By Mrs. Audrey Wilson, Lehi, Utah
My Grandfather James Blundell Smuin, Jr. had an Orchestra, a family organization, which played all over the country. As there was no hall in Lehi, Grandfather thought of building one and the school and church agreed to lend their support. They started construction of The Smuin Dance Academy in 1912.
Uncle Jay, James‘ oldest son mixed all the mortar and Chase Featherstone laid the brick. Most of the carpentry work was completed by my husband Lyall‘s uncle, Monroe Wilson.
The dance hall had a spring floor, the third hall in the State with this type of dance floor construction, the other two being the Odeon Dance Hall in Salt Lake and the Apollo in American Fork.
The band stand or stage was at the north end of the hall with benches along the east and west walls with about a five foot walk between the wall and the dance floor. The main entrance was on the south with ticket office, check room, rest rooms, concession booth and stairs leading to a gallery and balcony around the west, south and east sides.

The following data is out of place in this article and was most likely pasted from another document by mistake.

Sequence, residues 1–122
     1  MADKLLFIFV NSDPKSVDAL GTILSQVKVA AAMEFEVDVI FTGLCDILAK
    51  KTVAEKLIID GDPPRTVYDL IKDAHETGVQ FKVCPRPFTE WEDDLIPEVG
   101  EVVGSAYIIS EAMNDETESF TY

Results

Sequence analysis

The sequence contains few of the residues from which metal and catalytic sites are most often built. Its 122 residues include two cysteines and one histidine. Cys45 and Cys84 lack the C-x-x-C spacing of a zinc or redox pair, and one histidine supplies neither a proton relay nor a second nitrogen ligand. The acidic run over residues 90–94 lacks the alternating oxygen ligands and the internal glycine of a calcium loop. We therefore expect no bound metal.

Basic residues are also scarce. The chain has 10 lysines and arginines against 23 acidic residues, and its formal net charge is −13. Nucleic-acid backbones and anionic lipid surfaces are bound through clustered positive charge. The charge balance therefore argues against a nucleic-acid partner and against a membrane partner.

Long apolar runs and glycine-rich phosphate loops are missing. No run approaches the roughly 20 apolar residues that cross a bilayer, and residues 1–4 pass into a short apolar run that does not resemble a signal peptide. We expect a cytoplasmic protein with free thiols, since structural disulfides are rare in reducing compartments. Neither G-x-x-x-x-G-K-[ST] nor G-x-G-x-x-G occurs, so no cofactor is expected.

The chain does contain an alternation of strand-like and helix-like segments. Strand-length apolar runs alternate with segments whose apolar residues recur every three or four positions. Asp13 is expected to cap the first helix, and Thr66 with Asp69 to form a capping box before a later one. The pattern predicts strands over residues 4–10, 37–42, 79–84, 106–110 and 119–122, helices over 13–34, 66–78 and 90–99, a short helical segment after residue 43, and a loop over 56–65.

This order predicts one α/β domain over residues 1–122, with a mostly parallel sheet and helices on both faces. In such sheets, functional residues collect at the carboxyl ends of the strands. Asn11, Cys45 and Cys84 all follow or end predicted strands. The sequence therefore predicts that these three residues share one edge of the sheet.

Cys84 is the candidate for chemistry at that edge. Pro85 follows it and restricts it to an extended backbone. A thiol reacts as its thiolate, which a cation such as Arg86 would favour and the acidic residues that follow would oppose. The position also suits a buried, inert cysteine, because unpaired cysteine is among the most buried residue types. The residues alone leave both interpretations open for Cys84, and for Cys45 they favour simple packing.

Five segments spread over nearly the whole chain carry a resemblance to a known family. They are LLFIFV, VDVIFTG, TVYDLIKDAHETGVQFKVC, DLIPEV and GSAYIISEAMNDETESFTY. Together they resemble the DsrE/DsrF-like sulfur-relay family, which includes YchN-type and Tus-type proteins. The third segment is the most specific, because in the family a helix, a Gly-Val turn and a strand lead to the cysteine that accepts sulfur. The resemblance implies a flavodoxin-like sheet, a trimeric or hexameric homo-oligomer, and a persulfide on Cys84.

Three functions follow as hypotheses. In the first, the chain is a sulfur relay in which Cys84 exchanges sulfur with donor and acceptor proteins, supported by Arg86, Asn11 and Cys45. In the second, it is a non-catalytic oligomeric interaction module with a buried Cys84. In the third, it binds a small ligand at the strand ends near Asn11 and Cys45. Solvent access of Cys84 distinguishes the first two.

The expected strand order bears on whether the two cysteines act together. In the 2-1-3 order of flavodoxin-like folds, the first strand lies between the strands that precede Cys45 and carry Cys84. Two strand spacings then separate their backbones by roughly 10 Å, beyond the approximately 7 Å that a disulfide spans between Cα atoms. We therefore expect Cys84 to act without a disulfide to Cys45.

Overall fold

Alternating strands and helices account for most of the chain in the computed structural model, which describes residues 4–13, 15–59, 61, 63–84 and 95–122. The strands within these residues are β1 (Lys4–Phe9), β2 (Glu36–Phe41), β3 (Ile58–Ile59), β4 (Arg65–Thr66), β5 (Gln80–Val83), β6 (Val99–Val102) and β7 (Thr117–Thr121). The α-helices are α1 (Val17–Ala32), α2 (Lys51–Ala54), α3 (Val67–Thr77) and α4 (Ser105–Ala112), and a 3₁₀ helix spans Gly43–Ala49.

The first dance held in the hall was in November 1913 and the Smuin family ran the dance hall, and the Smuin Orchestra provided the music at the dances. Special trains on the D. & R.G.W and the U.P. Railways brought patrons from Salt Lake City and communities along the way to attend dances at The Smuin Dance Academy in Lehi. When they arrived at Lehi, Uncle Din would meet the train and escort the people to the Hall. The train would then wait on the siding until the dance ended, then and return to Salt Lake. The railroads required a guarantee of $200.00 in fares to operate the excursion trains.
Many community functions were held in this hall through the years. The High School held their proms, Senior Hops there as well as basketball games as late as 1937. The Old Folks Dinner was held in the Tabernacle, across the street east of the hall and in the evening their dance was held in the Smuin Dance Academy. When any young man or woman was called on a Mission, a dance was held with the proceeds going to help their missionary work. There was an attendant for the ladies room and a floor manager was always in attendance at the dances to see that no one danced too close together.
With the changing times the popularity of the hall declined and a Mr. Wolley leased the building to run a skating rink during the summer months for a couple of years. Then my Uncle Jay Smuin and my mother bought skates and managed the rink. After Grandfather died in 1939 the Dance Hall was repossessed by the bank and during the war it was purchased and remodeled into an apartment.